This Week’s Headlines
Appalachian Regional Exposition Center becoming reality
By JANE W. GRAHAM
WYTHE COUNTY, Va (Dec. 22, 2015) — This rural Virginia county where less than 30,000 residents consider their home a crossroads for the nation is about to realize a dream 10 years in the making.
Leaders expect ground to be broken in 2016 for the Appalachian Regional Exposition Center that they want to see up and running as soon as possible, Matthew Miller, county Extension agent said during a tour of the site Dec. 16.
Miller and Jeremy Farley, communications officer for the project, talked about the project that had its birth a decade ago when the Wytheville Horsemen’s Association sold its horse show grounds and made the money available to the county to develop an agricultural venue for the area.
“In 2015, this dream took a giant leap toward reality when the Virginia Tobacco Commission awarded Wythe County a $750,000 economic development grant to construct the Appalachian Regional Exposition Center,” Farley said in an overview of the project. This was recently announced to the public.
During the tour he said the effort is made stronger by it being the idea of the private sector rather than coming from the government.
He and Miller described it as a partnership of private and governmental efforts and said it has become a 501(C)(3) non-profit organization.
The Tobacco Commission grant has been complimented by Wythe County with a $3 million investment and private contributions made by local citizens, the Virginia Farm Bureau Federation and dozens of community organizations and businesses.
The project is expected to have a 200-by-300-foot arena, which will be used for a myriad of activities, including livestock shows, rodeos, indoor soccer events, travel shows, motocross, concerts and dozens of other regional and national events. The Appalachian Regional Exposition Center will also include outdoor multipurpose athletic fields, an outdoor horse ring, classroom and training facilities and office space.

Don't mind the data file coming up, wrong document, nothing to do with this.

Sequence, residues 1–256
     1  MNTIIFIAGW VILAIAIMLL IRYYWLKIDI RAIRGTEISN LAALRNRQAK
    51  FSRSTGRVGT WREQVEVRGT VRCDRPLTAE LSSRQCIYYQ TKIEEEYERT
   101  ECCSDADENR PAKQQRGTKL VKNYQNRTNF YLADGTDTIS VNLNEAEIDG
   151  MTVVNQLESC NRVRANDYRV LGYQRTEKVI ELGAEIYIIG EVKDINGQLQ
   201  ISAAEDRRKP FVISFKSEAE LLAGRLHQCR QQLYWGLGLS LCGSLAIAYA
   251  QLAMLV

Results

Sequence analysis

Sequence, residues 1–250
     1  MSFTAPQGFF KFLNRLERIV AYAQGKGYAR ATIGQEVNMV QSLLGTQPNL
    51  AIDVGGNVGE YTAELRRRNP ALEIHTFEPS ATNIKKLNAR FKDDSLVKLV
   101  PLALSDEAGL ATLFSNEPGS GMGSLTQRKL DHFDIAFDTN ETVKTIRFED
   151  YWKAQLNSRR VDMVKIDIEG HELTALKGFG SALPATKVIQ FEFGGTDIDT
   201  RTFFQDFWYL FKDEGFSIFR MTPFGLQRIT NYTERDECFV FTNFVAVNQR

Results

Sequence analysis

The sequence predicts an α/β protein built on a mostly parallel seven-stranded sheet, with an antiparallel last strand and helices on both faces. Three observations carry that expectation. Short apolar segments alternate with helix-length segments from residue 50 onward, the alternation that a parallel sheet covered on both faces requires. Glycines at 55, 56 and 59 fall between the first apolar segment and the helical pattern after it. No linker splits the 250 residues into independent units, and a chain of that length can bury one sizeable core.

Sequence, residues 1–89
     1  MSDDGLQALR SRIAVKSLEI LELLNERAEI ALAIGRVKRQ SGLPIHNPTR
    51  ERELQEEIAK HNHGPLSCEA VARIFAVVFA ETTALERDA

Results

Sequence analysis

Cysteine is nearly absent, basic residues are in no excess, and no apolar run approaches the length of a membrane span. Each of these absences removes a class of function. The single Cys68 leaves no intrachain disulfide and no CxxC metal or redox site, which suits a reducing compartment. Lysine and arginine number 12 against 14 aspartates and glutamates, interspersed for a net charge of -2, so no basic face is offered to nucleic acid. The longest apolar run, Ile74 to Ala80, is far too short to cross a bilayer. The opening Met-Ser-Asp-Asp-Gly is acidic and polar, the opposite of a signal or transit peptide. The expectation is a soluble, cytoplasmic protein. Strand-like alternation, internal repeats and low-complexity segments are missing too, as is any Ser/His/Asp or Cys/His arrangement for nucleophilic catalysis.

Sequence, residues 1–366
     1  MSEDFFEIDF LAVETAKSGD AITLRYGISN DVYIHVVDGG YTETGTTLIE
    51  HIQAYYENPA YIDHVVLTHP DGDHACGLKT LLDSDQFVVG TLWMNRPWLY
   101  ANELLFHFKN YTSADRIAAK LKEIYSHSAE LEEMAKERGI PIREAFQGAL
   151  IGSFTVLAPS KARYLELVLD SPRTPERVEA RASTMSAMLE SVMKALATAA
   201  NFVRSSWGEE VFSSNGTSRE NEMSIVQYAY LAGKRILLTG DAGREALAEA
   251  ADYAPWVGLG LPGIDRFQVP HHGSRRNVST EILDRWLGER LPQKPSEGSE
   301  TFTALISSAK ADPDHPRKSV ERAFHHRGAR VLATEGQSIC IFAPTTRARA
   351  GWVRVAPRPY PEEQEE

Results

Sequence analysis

It is expected to provide permanent seating for more than 3,000 people with room for an additional 2,000 portable chairs for concerts and other entertainment events.
The location is key to the expected success of the project and the idea that it will become a major destination on the East Coast, the two officials reported.
“The exposition center will be within feet of the intersections of Interstates 81 and 77 at Exit 77,” Farley said. “With the two interstates crisscrossing the heart of Southwest Virginia, each day more than 80,000 vehicles will pass by the facility, offering over 29 million yearly views of the center.”
He added the location is the center’s greatest selling point. He said it is located midway between Roanoke, and Bristol, Va-Tenn; Charleston, W.Va and Charlotte, N.C. and the Florida and Canadian borders.
“The exposition center will be within a day’s drive of half the American population and serve as the region’s premier entertainment venue,” he said.
The site, known locally as the Poole farm, is about 95 acres and has the advantage of being partially prepared for development about 10 years ago, according to Miller. That project was abandoned but left a site that has been leveled and has sewer and water available.
Clearing the site of brush that has grown on the developed area has already begun and leaders are working to move forward in the New Year. They are hopeful the new center will give the local economy a big boost.
Miller and Farley said the organization is soliciting sponsors for the center who will be able to advertise their support on signs along the property’s border with the interstates.
Farley said more people will view this advertising in a year than view Super Bowl commercials.